After qualifying tenth on the grid for Sunday's Qatar season-opener, LCR Honda's Cal Crutchlow joked that he wouldn't be eating until the race.
The Englishman was putting a brave face on a significant lack of straight-line performance, which he fears will be a major handicap in the 22-lap Grand Prix.
“Our main problem at the moment is the speed. Straight line speed on acceleration, we're just going to get murdered. You cannot imagine it,” Crutchlow said in the Losail paddock. “At the end of the straight, the bike's not too bad. It's acceleration in third, fourth and fifth gear.
“I'm not going to eat from now until after the race tomorrow, because I just need to be as aerodynamic as possible, and as light as possible, and I'm already four kilos less than last year. I shaved the beard today even, to take a little bit off, anything!
“I'm as light as I've been in probably ten years, and last year's bike was good on acceleration, and we had horsepower, so I thought that if I lose these three or four kilos I needed to lose, I'm going to be a rocket,”
Crutchlow set a 334km/h top speed best in qualifying, 16km/h slower than Ducati's Andrea Iannone. Acceleration data is not publically available, but the final sector of the lap (including the run out of the final turn to the finish) is a good indicator.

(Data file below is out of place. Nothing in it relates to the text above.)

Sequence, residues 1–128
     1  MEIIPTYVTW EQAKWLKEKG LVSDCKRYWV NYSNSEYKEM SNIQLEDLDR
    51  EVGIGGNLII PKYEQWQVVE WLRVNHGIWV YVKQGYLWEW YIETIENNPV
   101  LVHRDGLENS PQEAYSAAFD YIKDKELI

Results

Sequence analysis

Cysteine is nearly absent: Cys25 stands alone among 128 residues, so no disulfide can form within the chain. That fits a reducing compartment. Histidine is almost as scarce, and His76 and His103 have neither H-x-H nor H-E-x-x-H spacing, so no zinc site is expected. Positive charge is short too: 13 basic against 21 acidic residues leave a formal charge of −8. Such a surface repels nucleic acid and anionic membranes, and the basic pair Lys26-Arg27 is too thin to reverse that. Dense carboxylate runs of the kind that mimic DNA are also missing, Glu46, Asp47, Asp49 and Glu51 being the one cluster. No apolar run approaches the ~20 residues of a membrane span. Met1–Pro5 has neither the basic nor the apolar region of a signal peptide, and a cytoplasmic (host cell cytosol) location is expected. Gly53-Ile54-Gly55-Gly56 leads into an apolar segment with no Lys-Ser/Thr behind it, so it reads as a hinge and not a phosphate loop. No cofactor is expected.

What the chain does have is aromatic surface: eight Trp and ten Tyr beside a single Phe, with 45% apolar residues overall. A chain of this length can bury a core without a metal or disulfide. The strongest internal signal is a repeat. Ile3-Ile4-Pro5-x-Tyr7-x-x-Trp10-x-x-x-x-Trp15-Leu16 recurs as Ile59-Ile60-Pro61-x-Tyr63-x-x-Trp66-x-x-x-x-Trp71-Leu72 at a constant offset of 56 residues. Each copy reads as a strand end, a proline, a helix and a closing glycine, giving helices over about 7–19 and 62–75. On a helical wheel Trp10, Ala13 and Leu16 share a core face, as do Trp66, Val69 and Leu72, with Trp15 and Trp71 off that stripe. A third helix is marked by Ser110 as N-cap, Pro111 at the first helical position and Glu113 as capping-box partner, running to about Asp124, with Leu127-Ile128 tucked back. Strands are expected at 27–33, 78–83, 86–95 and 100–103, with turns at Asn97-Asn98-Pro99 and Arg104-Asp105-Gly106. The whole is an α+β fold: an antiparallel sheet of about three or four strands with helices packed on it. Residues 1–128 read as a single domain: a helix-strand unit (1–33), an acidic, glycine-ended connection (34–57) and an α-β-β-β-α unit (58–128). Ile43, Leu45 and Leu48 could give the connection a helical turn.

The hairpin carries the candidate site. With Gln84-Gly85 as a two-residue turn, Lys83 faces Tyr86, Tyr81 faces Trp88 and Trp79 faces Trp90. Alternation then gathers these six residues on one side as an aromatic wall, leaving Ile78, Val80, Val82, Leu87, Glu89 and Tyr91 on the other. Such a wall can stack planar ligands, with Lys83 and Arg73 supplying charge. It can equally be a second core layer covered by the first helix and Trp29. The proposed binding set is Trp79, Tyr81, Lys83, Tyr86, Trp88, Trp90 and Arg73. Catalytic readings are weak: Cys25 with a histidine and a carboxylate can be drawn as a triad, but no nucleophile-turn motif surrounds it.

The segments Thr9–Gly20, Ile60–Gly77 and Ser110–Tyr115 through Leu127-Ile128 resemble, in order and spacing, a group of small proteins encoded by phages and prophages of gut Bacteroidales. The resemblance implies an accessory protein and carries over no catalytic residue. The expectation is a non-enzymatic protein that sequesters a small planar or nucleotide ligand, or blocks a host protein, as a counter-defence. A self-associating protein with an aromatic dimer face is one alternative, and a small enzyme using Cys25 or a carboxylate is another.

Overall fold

The #35 was slowest of the twelve Qualifying 2 competitors through that section, with Marc Marquez the best of the Hondas in seventh.
“Dani's small, and he's one of the last in the last sector, ahead of me, and I'm last in the last sector, and Marc's just in front of Dani,” Crutchlow said. “There's also three corners in the last sector, and we're obviously pushing in those three corners. At the end of the day, we know it's straight line speed, because I've also come out of the last corner behind a few people, and just...”
Quizzed on whether Honda's introduction of a counter-rotating crankshaft - as thought to be used by Ducati, Yamaha and Aprilia - is hurting the straight-line performance, the 30-year-old smiled:
“I didn't know I had a reverse crank engine. So I can't say anything about it... We just have no acceleration. I don't know why. And we're near enough full power, so it's not as if we can suddenly change somethin g and we get it, but it's also rideability. Horsepower is horsepower, and over 320 km/h, I think it's 3 horsepower for every km/h, so you can imagine how much some bikes are putting out and some aren't.
“Honda is working. We knew this race was going to be difficult, all we can do is give them the information, every time, as I've always said, I'm really pleased with the support I get from them. They do help a lot, and they do look at a lot. Maybe not immediately, because we're not the priority, but in the end, we do get help. Tonight they will take a look. But it's not just me, they're helping Dani, Marc, Jack, Tito.”
In terms of solving the ongoing engine-braking issues for the satellite RC213V riders, Crutchlow added:
“Parts more than anything, and we haven't got it, and that's it. We can't change anything here. We know that our engine brake is a little bit up and down, we have to compensate with riding at the moment. We have to wait, be patient, do what we can do.”